Personnel: Neal S. Peachey, Sherry Ball, Brett Hanzlicek, Marc Schiavone, Jiang Wu, Li Xu and Minzhong Yu
(a) Cellular Origins of the Cone ERG The electroretinogram (ERG) is used to investigate the origins of visual dysfunction in human hereditary and acquired retinal disorders. The ERG is the mass response of the retina to light that represents the activity of the initial stages in the initiation of the response of the visual system to light. By controlling the conditions under which stimuli are presented, the activity of the rod or cone visual pathways can be monitored independently. Because the ERG allows retinal function to be analyzed non-invasively, the response has been utilized in a variety of situations to follow the progression of retinal diseases. In the research laboratory, the response provides a sensitive means to evaluate experimental therapies for retinal disease, which can be repeated at different time points on the same animal. In addition, the ERG is used to characterize the effects of pharmacological manipulation or introduction of gene defects. Based on contributions from a number of investigators, it is now possible to relate the different components that comprise the rod-mediated ERG to the major cell types of the rod visual pathway. This knowledge has led to a comprehensive model of the rod ERG which finds wide application. The cone-mediated ERG measures activity in the cells that comprise the cone visual pathway. However, while it is clear that the cone ERG waveform includes contributions from at least three classes of retinal neuron (the cone photoreceptors, the cone depolarizing bipolar cells, and the cone hyperpolarizing bipolar cells), the manner in which the responses of these different neurons interact to form the final response waveform is not known. Nevertheless, a model capable of relating the components of the cone ERG to the cells that comprise the cone pathway would be extremely useful. For example, because the response persists at disease stages where the rod ERG is absent, the cone ERG is a useful tool for evaluating therapeutic initiatives for retinal disorders. A quantitative model of the cone ERG would also be useful in the evaluation of abnormal responses recorded from patients with retinal disease, and in the characterization of animals with gene defects that involve the cone pathway. In view of the importance of this measure to both diagnostic and experimental efforts, we propose to identify the cone ERG component generated by each class of retinal neuron and the manner in which the different components combine to form the final response waveform. This work will be carried out in mice, which allow a multidisciplinary approach to this fundamental question.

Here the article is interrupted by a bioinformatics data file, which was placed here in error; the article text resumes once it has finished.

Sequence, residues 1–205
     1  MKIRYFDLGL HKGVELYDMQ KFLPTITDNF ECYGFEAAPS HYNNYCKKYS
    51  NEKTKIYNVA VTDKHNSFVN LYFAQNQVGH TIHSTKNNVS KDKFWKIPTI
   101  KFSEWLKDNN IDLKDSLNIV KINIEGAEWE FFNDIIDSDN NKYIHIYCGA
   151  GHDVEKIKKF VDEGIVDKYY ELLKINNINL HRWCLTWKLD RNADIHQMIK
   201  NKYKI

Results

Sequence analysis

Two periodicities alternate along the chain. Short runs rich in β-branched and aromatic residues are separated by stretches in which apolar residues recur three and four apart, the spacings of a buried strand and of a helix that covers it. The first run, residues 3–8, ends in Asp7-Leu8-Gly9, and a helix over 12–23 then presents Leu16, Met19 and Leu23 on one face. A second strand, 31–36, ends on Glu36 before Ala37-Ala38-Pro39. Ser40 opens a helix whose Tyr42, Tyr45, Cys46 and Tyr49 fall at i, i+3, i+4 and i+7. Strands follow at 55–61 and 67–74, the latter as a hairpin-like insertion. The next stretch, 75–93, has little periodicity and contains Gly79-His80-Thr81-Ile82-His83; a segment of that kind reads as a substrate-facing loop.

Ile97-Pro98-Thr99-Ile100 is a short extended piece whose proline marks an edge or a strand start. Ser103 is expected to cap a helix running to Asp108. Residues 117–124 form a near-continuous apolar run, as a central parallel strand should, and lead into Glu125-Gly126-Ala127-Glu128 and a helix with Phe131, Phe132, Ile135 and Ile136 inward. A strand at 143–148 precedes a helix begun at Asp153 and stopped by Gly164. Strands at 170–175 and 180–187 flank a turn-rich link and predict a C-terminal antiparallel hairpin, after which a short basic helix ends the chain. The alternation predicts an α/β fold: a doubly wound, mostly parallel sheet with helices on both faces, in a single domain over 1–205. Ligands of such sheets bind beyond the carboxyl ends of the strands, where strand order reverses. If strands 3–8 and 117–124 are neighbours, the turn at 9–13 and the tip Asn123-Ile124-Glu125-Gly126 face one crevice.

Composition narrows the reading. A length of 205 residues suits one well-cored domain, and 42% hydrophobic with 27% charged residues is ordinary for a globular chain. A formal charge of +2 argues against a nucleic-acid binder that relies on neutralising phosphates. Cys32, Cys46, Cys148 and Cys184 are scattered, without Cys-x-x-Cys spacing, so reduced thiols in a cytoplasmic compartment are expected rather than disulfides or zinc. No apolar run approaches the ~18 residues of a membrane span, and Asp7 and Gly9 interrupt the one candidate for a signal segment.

(b) Calcium Channels and Retinal Information Processing Ca2+ channels exist in the plasma membrane of excitable cells and control mechanisms such as excitation-contraction coupling, modulation of neurotransmitter release, and neuronal plasticity. Many neurological disorders have been linked to channelopathies or mutations in Ca2+ channel subunits. Thus, the study of Ca2+ channel function in neuronal cells can increase our ability to diagnose and treat a wide variety of sensory disorders, a VA medical research priority area. In the retina, L-type Ca2+ channels have been localized at synaptic regions of rod and cone photoreceptors and bipolar cells. These channels are composed of 4 types of subunits: a1, a2d, b, and possibly a neuronal homologue of the skeletal g subunit. b subunits regulate the assembly and distribution of a subunits and single channel properties are determined by the specific pairing of a1 and b subunits. Mutations in the Ca2+ channel a1F subunit in photoreceptors cause the incomplete form of congenital stationary night blindness (CSNB2), a human retinal disease. We have found the electoretinogram (ERG) phenotype of CNS b2-null mice to closely match that of CSNB2 patients. Electroretinography indicated no post-receptoral transmission in CNS b2-null mice while transmission remained unaltered in CNS b1-, b3-, and b4-null mice. Thus, the CNS b2-null mice may provide an animal model for this human condition as well as a system in which to study Ca2+ channel function. We hypothesize that Ca 2+ channel function and synaptic transmission, in the retina will be dependent on interactions and pairings between a and b subunits.